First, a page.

At some point Wednesday night, when Golden State and Cleveland resume the process of determining the world’s best basketball team, LeBron James and Draymond Green will find themselves playing center – or, at least, what’s become of the position.
In a seven-game playoff series, coaches become progressively more daring, throwing orthodoxy to the wind. Over the course of 82 games, with four or five different opponents on every week’s docket, convention holds more often than not. But, no, it’s not your father’s NBA any more, even during the regular season.
Which is why big men who can shoot from areas outside the paint are more coveted than ever. A decade ago, there was no such term as “stretch four.” Now everybody has one – or two or three. The next phase, already employed by nearly half of the NBA’s 30 teams, is a “stretch five” – centers who can step out to the 3-point line and give their teams five face-up perimeter scoring threats.
So Stephen Zimmerman is going to get a long look from pretty much every team outside the lottery on down in 16 days when the NBA draft is held. A five-star recruit out of Las Vegas who stayed home to play for UNLV, Zimmerman is projected to go late in the first or early in the second round. He worked out for the Pistons last week – and interviewed with them at the NBA draft combine last month in Chicago – so there is obvious interest in him.
Zimmerman’s profile would read a lot like that of Donatas Motiejunas, the 7-footer the Pistons traded for in February only to decide to rescind the deal after finding too much risk in the condition of Motiejunas’ back. He’s a 7-footer – Zimmerman, only 19, meausured 6-foot-11¾ at the combine – with a fine shooting touch, if not yet NBA 3-point range. He’s got the frame to carry more than his current 234 pounds and, while not an explosive athlete, Zimmerman appears to have above-average mobility that could improve as he matures and gains strength.
If the Pistons determine Zimmerman can develop into a player that could not only back up Andre Drummond in lineups that would give them a stretch five but also play alongside him, he’d be worthy of consideration with the 18th pick. If they think he’s a tweener – not yet mobile enough to defend stretch fours, not yet physical enough to handle NBA centers – then maybe they’re gauging whether he’d be a steal at 49 if he tumbles a few spots on draft night.
Neither scenario is unrealistic. As in most draft years, once you get past the top 20 or so players, the difference in talent narrows. After that, it’s about finding someone with one or two NBA-caliber skills and determining the best fits.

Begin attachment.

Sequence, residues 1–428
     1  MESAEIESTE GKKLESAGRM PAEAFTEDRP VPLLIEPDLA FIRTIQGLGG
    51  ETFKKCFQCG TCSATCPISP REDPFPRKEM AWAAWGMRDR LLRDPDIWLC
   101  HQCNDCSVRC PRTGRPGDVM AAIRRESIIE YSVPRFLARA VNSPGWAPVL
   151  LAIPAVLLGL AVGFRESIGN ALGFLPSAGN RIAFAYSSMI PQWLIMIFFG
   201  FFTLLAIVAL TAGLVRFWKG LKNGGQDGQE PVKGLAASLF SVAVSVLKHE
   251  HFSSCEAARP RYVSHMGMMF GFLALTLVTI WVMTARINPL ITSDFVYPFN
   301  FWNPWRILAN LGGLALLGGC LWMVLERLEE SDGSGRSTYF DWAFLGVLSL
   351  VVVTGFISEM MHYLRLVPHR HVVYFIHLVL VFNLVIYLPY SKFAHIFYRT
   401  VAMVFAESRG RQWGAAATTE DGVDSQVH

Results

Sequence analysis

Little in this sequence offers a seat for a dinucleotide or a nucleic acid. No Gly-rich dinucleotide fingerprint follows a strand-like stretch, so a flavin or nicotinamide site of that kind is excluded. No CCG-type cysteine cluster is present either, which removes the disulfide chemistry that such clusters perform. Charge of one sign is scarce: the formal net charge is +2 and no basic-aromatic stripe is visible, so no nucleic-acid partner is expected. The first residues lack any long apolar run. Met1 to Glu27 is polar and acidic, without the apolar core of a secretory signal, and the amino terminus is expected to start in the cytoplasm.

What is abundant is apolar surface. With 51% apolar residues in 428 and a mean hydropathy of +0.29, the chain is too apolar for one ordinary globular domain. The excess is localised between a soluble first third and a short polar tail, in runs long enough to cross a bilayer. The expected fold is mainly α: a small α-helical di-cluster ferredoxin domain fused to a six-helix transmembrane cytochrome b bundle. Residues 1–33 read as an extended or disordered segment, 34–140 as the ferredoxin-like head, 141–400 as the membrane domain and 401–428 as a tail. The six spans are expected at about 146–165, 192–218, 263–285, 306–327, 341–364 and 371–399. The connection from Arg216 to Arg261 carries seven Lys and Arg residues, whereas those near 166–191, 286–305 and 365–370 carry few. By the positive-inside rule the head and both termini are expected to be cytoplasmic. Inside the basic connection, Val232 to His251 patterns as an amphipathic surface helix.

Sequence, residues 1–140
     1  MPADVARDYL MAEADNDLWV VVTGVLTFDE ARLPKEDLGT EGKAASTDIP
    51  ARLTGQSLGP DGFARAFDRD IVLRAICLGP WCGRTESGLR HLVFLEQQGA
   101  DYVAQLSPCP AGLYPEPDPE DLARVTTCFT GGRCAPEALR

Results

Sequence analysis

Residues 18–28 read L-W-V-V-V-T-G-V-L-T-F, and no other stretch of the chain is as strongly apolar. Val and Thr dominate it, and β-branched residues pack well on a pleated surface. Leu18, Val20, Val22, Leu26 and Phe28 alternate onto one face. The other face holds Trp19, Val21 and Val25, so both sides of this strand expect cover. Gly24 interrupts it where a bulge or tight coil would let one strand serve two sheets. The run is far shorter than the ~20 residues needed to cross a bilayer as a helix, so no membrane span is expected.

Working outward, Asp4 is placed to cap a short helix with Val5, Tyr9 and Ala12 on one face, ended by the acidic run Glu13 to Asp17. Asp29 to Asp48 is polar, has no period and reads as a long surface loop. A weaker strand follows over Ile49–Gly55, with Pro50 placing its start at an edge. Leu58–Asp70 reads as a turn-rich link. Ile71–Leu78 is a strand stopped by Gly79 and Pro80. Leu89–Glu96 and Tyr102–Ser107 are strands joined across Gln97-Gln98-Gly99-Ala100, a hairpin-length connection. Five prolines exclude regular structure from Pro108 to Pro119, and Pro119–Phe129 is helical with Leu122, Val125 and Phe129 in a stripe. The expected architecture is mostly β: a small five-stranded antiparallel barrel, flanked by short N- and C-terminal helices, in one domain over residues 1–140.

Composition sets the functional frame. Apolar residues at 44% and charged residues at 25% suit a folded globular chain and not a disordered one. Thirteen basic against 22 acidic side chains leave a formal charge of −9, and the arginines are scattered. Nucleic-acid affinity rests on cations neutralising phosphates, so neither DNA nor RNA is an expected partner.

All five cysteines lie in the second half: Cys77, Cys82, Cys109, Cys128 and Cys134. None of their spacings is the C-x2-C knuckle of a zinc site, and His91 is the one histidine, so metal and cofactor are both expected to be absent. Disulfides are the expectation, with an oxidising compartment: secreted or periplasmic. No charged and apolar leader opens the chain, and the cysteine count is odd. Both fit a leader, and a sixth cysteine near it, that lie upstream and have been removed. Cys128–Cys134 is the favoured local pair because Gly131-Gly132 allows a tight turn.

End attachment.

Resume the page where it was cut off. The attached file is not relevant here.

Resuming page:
Zimmerman isn’t sure exactly how teams view him.
“I have no clue where they’re looking at me,” he said after his Pistons workout, “but I do like to look at that as a strength, to be able to play and guard the four and the five.”
Zimmerman, the No. 15 rated recruit in the high school class of 2015 according to Rivals.com, averaged 10.5 points and 8.7 rebounds as a UNLV freshman in 26 minutes a game. He shot 30 percent from the 3-point line but, at minimum, looks like he’ll be a pick-and-pop scoring threat capable of matching up with stretch fives like Boston’s Kelly Olynyk, Charlotte’s Spencer Hawes or Motiejunas. With more teams looking to find similar players, Zimmerman is hopeful he becomes one of the draft’s risers through strong workouts over the next few weeks.
“I think that’s something I could really fit into and help teams win that way,” he said.
Zimmerman’s experience playing with high-profile AAU teams and for a traditionally loaded prep power, Bishop Gorman High in Las Vegas, means he’s accustomed to playing with other talented big men, too. He played next to Cal frosh Ivan Raab, who surprised nearly everyone by deciding to return to college despite being projected as a lottery pick, on his AAU team and alongside another five-star big man, Duke’s Chase Jeter, at Bishop Gorman. He thinks that argues for his fit with Drummond.
“Every team I was on had a great big,” he said. “I’ve been playing with great bigs my whole life and I feel like I can make them better just as much as they make me better.”
Zimmerman didn’t have the dominant freshman season some expected, but it didn’t help that the coach who recruited him, Dave Rice, was fired in January after the Runnin’ Rebels lost their first three conference games. But Rice’s ouster didn’t influence Zimmerman’s decision to leave for the NBA early, he said.
“At the beginning of the year, (UNLV coaches) said based on my work ethic and my skill level, if I didn’t leave after the first year they felt like they did their job wrong,” he said. “So I think it was set from the beginning to progress and be able to play at this level.”
The Pistons, clearly, are kicking the tires on Zimmerman. He might be a tweener in more ways than one – stuck between positions and also between Pistons draft picks. They probably can’t wait to 49 to get Zimmerman, who if he hits his mark would be an ideal addition to a roster that lacks a bigger power forward. That begs the question: Do the Pistons see enough in Stephen Zimmerman to pick him at 18? We’ll know soon enough.